World News

Parallels
11:47 am
Tue November 12, 2013

Can The Philippines Save Itself From Typhoons?

The sun sets behind a house damaged by Typhoon Haiyan outside the hard-hit city of Tacloban. The Philippines has gotten better at preparing for typhoons, but remains extremely vulnerable.
Philippe Lopez AFP/Getty Images

Originally published on Tue November 12, 2013 12:05 pm

For the third year in a row, the Philippines has been hit by a major storm claiming more than 1,000 lives, and the death toll from Haiyan, one of the worst on record, could climb to 10,000.

With thousands of islands in the warm waters of the Pacific, the Philippines is destined to face the wrath of angry tropical storms year after year.

So what can a poor, densely populated country do to mitigate the huge loss of life and the massive destruction?

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World
9:25 am
Tue November 12, 2013

Reparations May Not Mean What You Think It Means

Fifteen countries in the Caribbean are seeking reparations from their former colonial masters for the lasting harm slavery has had on their countries. Host Michel Martin talks about the effort with Jermaine McCalpin from the University of West Indies in Jamaica.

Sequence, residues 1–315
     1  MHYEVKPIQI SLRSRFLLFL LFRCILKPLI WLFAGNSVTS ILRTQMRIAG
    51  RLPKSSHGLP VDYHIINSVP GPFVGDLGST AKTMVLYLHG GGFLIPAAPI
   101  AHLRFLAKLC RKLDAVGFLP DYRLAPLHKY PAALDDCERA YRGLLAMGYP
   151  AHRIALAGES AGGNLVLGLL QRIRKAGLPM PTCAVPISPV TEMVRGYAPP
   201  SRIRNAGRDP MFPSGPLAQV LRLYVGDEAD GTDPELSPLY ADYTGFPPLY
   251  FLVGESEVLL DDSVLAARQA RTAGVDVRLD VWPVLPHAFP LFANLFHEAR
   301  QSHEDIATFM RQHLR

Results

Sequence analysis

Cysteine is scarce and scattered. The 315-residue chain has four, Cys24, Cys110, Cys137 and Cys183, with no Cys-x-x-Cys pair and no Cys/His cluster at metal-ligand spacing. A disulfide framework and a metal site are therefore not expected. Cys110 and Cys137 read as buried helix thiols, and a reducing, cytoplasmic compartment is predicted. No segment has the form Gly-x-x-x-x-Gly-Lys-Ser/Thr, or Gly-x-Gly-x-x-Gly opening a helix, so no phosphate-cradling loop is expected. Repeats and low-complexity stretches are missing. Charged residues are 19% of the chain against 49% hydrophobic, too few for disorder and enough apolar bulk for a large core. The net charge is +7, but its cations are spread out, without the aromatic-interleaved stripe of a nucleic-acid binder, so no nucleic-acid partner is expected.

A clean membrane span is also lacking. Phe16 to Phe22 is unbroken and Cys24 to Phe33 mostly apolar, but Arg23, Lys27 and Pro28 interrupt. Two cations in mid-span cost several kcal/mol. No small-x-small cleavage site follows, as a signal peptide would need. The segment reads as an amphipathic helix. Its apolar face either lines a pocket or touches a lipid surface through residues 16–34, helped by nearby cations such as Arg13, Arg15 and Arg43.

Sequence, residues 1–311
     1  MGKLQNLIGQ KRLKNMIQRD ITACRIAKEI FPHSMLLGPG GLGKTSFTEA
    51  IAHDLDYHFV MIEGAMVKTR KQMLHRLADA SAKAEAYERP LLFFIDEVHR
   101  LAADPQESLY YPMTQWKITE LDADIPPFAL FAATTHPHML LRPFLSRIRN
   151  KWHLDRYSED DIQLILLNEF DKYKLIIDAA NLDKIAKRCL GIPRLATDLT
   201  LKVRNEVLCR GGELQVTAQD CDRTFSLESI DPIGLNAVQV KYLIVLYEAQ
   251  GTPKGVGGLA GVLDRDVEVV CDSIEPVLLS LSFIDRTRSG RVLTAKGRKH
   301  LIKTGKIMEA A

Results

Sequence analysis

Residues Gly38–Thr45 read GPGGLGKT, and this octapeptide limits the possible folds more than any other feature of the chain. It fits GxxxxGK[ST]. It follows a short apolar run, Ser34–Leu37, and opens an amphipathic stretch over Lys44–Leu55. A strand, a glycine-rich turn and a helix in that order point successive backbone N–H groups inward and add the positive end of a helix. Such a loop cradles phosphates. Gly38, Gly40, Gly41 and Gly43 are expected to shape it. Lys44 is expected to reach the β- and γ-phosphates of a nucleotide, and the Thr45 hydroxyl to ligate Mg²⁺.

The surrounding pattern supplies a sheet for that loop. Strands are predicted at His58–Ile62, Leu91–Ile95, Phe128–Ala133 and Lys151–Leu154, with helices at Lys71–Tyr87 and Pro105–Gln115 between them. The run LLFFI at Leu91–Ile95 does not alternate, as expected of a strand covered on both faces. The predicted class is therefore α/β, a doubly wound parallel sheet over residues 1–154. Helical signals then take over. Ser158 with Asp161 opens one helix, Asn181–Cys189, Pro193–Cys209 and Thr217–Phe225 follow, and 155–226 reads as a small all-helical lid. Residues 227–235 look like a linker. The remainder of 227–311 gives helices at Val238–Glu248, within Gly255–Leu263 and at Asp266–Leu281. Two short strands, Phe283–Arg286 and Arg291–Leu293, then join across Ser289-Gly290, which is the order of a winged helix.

World
9:25 am
Tue November 12, 2013

In Dominican Republic, An Emotional Fight Over Citizenship

Thousands of people in the Dominican Republic are being stripped of their citizenship by that country. Host Michel Martin talks to Miami Herald reporter Jacqueline Charles about why Dominicans of Haitian ancestry are denouncing the decision.

The Two-Way
7:58 am
Tue November 12, 2013

Clash Between Garment Workers, Police In Cambodia Turns Deadly

An injured Cambodian worker escapes from riot police in the compound of a Buddhist pagoda in Phnom Penh, Cambodia, on Tuesday. Police fired live ammunition at protesting garment workers outside the capital, injuring at least 20 people and killing a bystander.
AP

Originally published on Tue November 12, 2013 9:17 am

Protesting garment workers and riot police clashed Tuesday in Cambodia's capital city, leaving a bystander dead and at least 20 people injured.

Workers from SL Garment Processing (Cambodia) Ltd. Factory were marching toward Prime Minister Hun Sen's residence in Phnom Penh. Workers from the factory have been protesting for months, demanding better pay and working conditions. The factory makes clothes for H&M, Gap and other Western brands.

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Parallels
6:40 am
Tue November 12, 2013

World Headlines: The Financial Cost Of Typhoon Haiyan

Philippines, Philippines Daily Inquirer

The devastation from Typhoon Haiyan could cost the Philippines economy $14 billion, according to one estimate.